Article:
# Identity Matrix and Inverses

rjw5002
1. Homework Statement

Suppose $$P \in L(V)$$ and P^2 = P. Prove that (I+P) is invertible.

2. Homework Equations
3. The Attempt at a Solution
Am I right to assume that since P^2 = P, P = I?

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Dick
Homework Helper
Nope. If P=[[1,0],[0,0]], P^2=P. Is that all you wanted to know? Try solving (I+P).(I+aP)=I for a real number a. If you can solve it, you've found an inverse.

Hurkyl
Staff Emeritus
Gold Member
Nope. If P=[[1,0],[0,0]], P^2=P. Is that all you wanted to know? Try solving (I+P).(I+aP)=I for a real number a. If you can solve it, you've found an inverse.

Last edited:
Hurkyl
Staff Emeritus
Gold Member
Am I right to assume that since P^2 = P, P = I?
That doesn't even work for real numbers: x^2 = x has two solutions. (What are they? How would you find them?)

I assume you wanted to cancel a P, but that's not always a legal operation. What operation are you doing when you cancel something? When are you allowed to do it? How is that operation different when you're working with matrices instead of real numbers?

Dick
Homework Helper
Ok, I'll admit, that's a little close to giving the answer for comfort. I thought about stopping after the '?'. But that seemed a little too close to just teasing the OP.

Hurkyl
Staff Emeritus
Gold Member
Ok, I'll admit, that's a little close to giving the answer for comfort. I thought about stopping after the '?'. But that seemed a little too close to just teasing the OP.
The problem, IMHO, is that there is nothing left of the original problem -- you've simply presented him with an entirely different (and much easier) problem, and absolutely no motivation why someone would ever think of the new problem.

Dick
Homework Helper
I, in fact, solved it by ansatz. I guessed a form for the solution which seemed to have enough parameters to be solvable given powers of P reduce to linear functions of P. That's all. If you have a better motivation, go for it. Suppose I could have explained that, though.

rjw5002
Ok. here are my thoughts now. Using the fact that P^2 = P, we can say that P is a diagonal matrix. The entries along this diagonal are either 0 or 1 (solving the equation x^2 = x). Therefore we can conclude that M=(I+P) is also a diagonal matrix with entries of either 1 or 2 along the diagonal. By a proposition (5.16 in Axler's Linear Algebra Done Right), T (upper triangular) is invertible iff all the entries on the diagonal are nonzero. Therefore my M is invertible. Further, we can say that the inverse of this matrix is also a diagonal matrix with entries 1/x(i,i) where x(i,i) are the entries in M.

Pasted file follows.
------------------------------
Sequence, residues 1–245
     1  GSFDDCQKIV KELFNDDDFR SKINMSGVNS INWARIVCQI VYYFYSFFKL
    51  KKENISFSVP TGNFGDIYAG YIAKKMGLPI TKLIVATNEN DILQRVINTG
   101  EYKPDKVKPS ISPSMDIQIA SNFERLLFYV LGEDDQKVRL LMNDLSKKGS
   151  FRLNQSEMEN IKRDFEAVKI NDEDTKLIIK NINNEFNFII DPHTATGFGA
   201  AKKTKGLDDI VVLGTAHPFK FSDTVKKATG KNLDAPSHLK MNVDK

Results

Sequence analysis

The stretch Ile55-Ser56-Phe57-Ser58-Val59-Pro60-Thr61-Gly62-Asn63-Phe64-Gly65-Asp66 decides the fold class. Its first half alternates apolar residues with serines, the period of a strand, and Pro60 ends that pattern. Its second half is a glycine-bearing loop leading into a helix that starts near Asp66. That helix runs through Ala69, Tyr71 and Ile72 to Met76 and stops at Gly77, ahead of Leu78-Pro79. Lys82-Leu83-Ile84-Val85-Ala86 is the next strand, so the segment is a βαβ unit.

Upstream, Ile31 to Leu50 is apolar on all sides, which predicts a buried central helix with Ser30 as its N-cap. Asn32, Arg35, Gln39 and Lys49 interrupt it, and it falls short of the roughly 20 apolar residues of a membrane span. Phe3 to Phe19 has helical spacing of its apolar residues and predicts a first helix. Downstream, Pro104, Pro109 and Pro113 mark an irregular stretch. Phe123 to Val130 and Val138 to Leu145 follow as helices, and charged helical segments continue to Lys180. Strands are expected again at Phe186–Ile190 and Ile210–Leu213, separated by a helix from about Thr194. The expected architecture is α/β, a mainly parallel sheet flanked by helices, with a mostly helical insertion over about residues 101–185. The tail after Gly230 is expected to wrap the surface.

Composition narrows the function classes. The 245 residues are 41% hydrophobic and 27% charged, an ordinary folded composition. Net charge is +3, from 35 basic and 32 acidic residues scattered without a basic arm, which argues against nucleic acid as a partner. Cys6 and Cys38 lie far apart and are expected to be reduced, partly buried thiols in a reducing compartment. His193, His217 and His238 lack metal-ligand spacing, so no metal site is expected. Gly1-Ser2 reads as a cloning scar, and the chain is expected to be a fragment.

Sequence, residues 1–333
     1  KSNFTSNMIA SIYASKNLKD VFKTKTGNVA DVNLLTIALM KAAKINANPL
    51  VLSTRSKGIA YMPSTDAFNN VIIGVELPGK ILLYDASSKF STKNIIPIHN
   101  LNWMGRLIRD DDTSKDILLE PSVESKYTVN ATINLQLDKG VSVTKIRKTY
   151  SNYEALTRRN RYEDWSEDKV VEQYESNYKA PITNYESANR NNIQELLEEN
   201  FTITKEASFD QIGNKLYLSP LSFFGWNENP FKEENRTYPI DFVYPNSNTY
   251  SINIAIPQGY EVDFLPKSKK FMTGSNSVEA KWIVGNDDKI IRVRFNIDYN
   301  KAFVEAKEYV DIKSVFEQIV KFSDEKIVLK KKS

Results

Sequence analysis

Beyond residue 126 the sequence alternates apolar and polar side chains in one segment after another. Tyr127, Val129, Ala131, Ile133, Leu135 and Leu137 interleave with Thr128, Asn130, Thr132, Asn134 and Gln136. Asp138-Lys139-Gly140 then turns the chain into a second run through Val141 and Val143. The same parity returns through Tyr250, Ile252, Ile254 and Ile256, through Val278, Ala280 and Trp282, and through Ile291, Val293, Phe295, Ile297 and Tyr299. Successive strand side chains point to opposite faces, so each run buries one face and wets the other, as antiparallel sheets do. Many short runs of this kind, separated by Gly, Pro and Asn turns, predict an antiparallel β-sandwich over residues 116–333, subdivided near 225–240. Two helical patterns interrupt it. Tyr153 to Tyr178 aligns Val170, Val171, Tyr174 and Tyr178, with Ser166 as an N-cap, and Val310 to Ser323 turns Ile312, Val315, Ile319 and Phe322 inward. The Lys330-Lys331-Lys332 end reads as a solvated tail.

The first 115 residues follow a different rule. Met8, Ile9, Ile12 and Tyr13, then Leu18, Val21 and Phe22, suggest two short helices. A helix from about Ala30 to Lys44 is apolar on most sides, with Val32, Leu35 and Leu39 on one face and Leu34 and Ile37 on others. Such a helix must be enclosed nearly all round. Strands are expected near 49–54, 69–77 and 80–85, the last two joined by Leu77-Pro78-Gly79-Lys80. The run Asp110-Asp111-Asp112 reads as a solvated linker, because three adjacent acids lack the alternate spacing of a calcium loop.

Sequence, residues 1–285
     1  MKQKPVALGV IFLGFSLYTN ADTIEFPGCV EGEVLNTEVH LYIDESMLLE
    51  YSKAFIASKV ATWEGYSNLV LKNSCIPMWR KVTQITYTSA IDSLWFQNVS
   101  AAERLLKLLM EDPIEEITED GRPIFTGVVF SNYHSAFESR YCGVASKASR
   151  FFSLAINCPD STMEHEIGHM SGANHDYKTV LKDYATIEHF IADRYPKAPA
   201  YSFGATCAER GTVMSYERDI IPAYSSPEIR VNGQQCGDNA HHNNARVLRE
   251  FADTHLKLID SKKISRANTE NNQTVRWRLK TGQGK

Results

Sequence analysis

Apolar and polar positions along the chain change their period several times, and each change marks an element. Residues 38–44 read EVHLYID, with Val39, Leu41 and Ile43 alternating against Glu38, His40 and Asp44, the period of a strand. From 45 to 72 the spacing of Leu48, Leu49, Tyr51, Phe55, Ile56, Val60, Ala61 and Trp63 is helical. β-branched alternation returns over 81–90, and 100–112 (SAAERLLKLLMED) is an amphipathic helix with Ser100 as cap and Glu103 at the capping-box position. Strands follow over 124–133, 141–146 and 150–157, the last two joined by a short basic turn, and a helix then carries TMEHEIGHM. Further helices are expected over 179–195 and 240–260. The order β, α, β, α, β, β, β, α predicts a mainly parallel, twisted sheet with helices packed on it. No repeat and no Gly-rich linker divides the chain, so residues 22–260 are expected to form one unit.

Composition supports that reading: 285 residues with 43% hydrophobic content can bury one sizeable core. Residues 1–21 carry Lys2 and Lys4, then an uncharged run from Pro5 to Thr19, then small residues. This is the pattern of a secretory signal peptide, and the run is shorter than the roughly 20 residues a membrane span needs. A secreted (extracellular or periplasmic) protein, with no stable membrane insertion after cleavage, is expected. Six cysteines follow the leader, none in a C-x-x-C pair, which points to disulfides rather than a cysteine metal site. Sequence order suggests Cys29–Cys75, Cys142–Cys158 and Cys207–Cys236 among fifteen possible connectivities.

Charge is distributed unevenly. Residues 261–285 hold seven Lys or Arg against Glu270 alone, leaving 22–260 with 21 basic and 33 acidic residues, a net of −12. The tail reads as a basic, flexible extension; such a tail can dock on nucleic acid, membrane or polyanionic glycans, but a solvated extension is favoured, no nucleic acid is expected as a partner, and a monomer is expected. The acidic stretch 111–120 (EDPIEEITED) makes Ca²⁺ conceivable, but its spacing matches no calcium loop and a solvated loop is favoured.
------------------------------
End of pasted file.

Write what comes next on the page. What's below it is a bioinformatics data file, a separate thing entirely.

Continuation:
Am I making any incorrect assumptions?

Hurkyl
Staff Emeritus
Gold Member
Using the fact that P^2 = P, we can say that P is a diagonal matrix.
Why?

In fact, I have a counterexample:
$$\left( \begin{array}{cc} 1/2 & 1/2 \\ 1/2 & 1/2 \end{array} \right)$$

Hurkyl
Staff Emeritus
Gold Member
I, in fact, solved it by ansatz. I guessed a form for the solution which seemed to have enough parameters to be solvable given powers of P reduce to linear functions of P. That's all. If you have a better motivation, go for it. Suppose I could have explained that, though.
The original poster is on one right track, I think. The problem is easy if the matrix is diagonal, and if he can prove the problem can be reduced to the diagonal case, he's done. I don't remember how easy that is, though.

I'm a little disappointed that my favorite trick of expanding 1/(1+P) as a power series doesn't quite work; it requires you to do a deformation to arrive at the correct answer. Though this would give one method of motivating your approach.

Another method of motivating your approach would be to invoke the knowledge that matrices have minimal polynomials, and there is an easy way to extract the inverse of your matrix from its minimal polynomial.

Of course, you could simply guess at the form of the answer, as you did, but I feel like simply writing the form of the answer doesn't really help the OP learn.

Dick
Homework Helper
The original poster is on one right track, I think. The problem is easy if the matrix is diagonal, and if he can prove the problem can be reduced to the diagonal case, he's done. I don't remember how easy that is, though.

I'm a little disappointed that my favorite trick of expanding 1/(1+P) as a power series doesn't quite work; it requires you to do a deformation to arrive at the correct answer. Though this would give one method of motivating your approach.

Another method of motivating your approach would be to invoke the knowledge that matrices have minimal polynomials, and there is an easy way to extract the inverse of your matrix from its minimal polynomial.

Of course, you could simply guess at the form of the answer, as you did, but I feel like simply writing the form of the answer doesn't really help the OP learn.
I don't THINK P is necessarily diagonalizable. It might be but I don't see what compels it to be. I did the power expansion first as well and realized it was useless. As you might expect since P could have an eigenvalue of 1 so the power series doesn't necessarily converge. I then decided that there might be a more general form for a possible inverse. And guessed it. Hopefully the OP will learn from this exchange as well.

Hurkyl
Staff Emeritus
I'm hoping so.